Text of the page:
With the political support in place to create faster networks across the UK, we consider how perceived safety concerns may be a factor preventing the rollout of new telecommunications infrastructure.

Telecoms has been in the news a lot recently. Late last year John McDonnell, managed to momentarily move the general election conversation away from Brexit by promising to nationalise BT Openreach and provide free fibre-broadband for all. More recently 5G has been in the spotlight. Concerns have been raised about the safety and security implications of allowing Huawei – the Chinese technology and telecommunications hardware company – to become involved in the development of new 5G networks.

Whether or not allowing Huawei to build part of the UK’s 5G infrastructure will risk the compromise of the secure data that the businesses and government departments depend on is a question for the politicians. However, the possible threat to our personal data is not the only safety concern when it comes to 5G.

Ofcom regularly measures the electromagnetic field (EMF) from mobile phone base stations. That means they conduct tests to understand the level of electromagnetic radiation that comes from masts. This isn’t something new – the regulator has been regularly reporting EMF measurements since 2004 – and, at first glance, the data seems to support 5G. For instance, the highest level of emissions observed during Ofcom’s latest round of measurements was just 0.039% of the internationally recognised reference level.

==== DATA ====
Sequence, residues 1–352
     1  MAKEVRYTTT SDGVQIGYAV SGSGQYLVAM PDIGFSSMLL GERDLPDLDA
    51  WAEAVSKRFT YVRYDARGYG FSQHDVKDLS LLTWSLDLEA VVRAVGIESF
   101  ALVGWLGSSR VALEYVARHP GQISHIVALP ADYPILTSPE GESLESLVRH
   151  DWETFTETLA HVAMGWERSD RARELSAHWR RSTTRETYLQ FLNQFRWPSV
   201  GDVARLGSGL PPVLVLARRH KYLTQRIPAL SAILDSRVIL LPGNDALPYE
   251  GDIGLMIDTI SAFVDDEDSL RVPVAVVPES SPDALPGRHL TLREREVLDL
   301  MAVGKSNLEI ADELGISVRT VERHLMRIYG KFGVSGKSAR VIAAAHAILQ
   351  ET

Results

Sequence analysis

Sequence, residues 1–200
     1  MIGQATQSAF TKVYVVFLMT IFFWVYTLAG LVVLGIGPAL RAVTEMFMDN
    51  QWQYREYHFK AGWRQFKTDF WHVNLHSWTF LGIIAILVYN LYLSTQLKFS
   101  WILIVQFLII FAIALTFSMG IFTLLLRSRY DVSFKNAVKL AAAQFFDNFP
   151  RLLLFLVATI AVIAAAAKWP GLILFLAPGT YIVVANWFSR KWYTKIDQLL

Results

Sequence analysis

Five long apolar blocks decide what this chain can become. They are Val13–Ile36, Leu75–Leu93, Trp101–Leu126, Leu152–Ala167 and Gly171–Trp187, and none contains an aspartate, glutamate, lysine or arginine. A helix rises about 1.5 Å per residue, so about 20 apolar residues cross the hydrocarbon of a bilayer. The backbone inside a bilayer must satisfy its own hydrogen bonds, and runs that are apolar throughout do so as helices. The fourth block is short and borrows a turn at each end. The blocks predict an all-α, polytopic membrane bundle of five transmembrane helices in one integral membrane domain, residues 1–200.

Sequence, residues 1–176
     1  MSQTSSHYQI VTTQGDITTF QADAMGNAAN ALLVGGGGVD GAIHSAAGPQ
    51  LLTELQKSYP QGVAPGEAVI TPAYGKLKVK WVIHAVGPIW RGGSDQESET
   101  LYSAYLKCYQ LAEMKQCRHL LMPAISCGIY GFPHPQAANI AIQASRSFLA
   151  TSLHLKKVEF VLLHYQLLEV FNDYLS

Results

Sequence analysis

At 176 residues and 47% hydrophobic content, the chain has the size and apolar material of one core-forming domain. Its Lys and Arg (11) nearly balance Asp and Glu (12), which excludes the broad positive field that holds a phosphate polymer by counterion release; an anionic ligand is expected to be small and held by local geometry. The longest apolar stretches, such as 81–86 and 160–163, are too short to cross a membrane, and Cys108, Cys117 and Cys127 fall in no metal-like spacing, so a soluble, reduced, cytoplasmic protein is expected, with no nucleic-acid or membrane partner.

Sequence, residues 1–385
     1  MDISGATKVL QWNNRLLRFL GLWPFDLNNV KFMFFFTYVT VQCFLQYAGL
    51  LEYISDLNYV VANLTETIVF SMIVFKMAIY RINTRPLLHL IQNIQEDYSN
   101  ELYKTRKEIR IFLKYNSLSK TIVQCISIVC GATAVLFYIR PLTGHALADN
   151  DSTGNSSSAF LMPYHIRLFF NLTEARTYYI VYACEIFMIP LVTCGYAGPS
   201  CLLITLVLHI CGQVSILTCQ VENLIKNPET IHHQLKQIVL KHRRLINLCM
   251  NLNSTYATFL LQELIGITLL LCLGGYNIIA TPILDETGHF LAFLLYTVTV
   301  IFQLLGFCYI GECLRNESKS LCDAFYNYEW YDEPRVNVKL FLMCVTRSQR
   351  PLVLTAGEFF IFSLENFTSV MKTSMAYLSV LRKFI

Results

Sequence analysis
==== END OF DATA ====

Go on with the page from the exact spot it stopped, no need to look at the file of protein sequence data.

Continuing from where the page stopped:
So what’s the problem? Well, 5G technology utilises higher frequency radio waves than its predecessors. This is what enables faster speeds. These waves don’t travel as far as those used by 3G or 4G. As a result, there is a need for a lot more mobile masts – potentially as many as 400,000.

With this in mind, it’s easy to see how members of the public could make the leap from understanding that radiation comes from mobile phone base stations to believing that more masts will result in more radiation.

Public Health England has gone so far as to say that radiation “is expected to remain low relative to guidelines and, as such, there should be no consequences for public health” despite the overall increase in exposure.

In the face of this evidence however, there is still a genuine fear among some members of the public about the health risks of this new technology. Add to this potential opposition to 5G masts – which may be higher than the masts required for previous networks – fuelled by concerns regarding visual impact and stakeholder misalignment could become a source of anxiety for the promoters of 5G.

Of course this is nothing new. Opposition to new mobile phone masts has occurred in some form or another for decades. In the case of 5G however, public disquiet regarding the safety is slowing the progress of roll-outs internationally.

With research in 6G technology having already begun but decades away, there is a need to create 5G capable infrastructure rapidly if the UK is to avoid being left behind. To do this however, promoters of this game changing technology will need to engage with members of the public far more thoroughly than they have in the past.